A Tangible Gene-Editing Platform for Early Childhood
CRISPEE is the result of an NSF-funded project from the Human-Computer Lab at Wellesley College, in collaboration with the Developmental Technology Research Group at Tufts University.
Through playful interaction with CRISPEE, along with a curriculum in an informal learning environment, young children are introduced to the basics of problem-solving with genetic engineering. The form of CRISPEE combines the shape and function of existing laboratory equipment with materials commonly found in children's toys, such as wood, felt, and Velcro.
CRISPEE was intentionally designed to be simple and inexpensive to manufacture, to make it accessible to all children. It runs off an Arduino Uno and features arcade buttons, conductive velcro, NeoPixels, and pressure sensors. It was manufactured using a laser cutter with materials easily found at a hardware store.
CRISPEE underwent three iterations and was developed through collaboration with teachers and other early childhood educators, with multiple rounds of testing in multi-day bioengineering camps and an exhibit at the Boston Children's Museum. It has been featured in numerous peer-reviewed journals and presented at conferences.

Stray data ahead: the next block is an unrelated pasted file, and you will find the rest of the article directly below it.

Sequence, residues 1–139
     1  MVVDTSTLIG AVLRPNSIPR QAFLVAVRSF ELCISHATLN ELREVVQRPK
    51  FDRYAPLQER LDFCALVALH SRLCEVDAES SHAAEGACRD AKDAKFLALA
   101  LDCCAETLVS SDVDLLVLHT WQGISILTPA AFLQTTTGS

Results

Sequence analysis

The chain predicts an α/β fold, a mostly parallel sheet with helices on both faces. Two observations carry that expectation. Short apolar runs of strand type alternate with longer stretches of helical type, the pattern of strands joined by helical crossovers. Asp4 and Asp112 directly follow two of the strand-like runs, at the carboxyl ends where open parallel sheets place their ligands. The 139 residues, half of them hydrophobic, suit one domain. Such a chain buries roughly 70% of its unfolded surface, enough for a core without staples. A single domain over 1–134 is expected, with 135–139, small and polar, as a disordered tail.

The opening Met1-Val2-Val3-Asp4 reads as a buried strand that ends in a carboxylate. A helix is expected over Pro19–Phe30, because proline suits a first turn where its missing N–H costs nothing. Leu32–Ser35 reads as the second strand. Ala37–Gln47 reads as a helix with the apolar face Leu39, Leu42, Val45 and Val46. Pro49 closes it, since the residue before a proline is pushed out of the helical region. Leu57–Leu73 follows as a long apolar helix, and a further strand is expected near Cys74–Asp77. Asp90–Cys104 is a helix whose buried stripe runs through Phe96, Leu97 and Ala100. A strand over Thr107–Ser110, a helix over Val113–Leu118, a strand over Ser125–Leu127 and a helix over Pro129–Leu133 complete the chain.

Co-PIs : Dr. Orit Shaer, Wellesley College; Dr. Marina Umashi-Bers, Tufts University
Collaborator: Dr. Amanda Strawhacker
Generously funded by NSF grant #IIS-1563932
I would like to acknowledge the excellent work from student researchers at the Wellesley HCI Lab and Tufts DevTech Research Group, who participated in the testing, prototyping process, and curricular developent for CRISPEE.
“CRISPEE: A Tangible Gene Editing Platform for Early Childhood.” August 2018, Milieux Institute, Montreal, QC, Canada.
”CRISPEE: a Tangible Gene Editing Platform for Early Childhood.” Proceedings of the Twelfth International Conference of Tangible, Embedded, and Embodied Interaction, March 2018, Stockholm, Sweden.
Strawhacker, A., Verish, C., Shaer, O., & Bers, M. (2020). Young Children’s Learning of Bioengineering with CRISPEE: a Developmentally Appropriate Tangible User Interface. Journal of Science Education and Technology, 1-21.
Verish, C., Strawhacker, A., Bers, M., & Shaer, O. (2020). CRISPEE: An Interactive Museum Exhibit for Engaging Children with Biological Engineering. In Proceedings of the 2020 Connected Learning Summit (Conference cancelled).
Verish, C., Strawhacker, A., Bers, M., & Shaer, O. (2018, March). CRISPEE: a tangible gene editing platform for early childhood. In Proceedings of the Twelfth International Conference on Tangible, Embedded, and Embodied Interaction (pp. 101-107).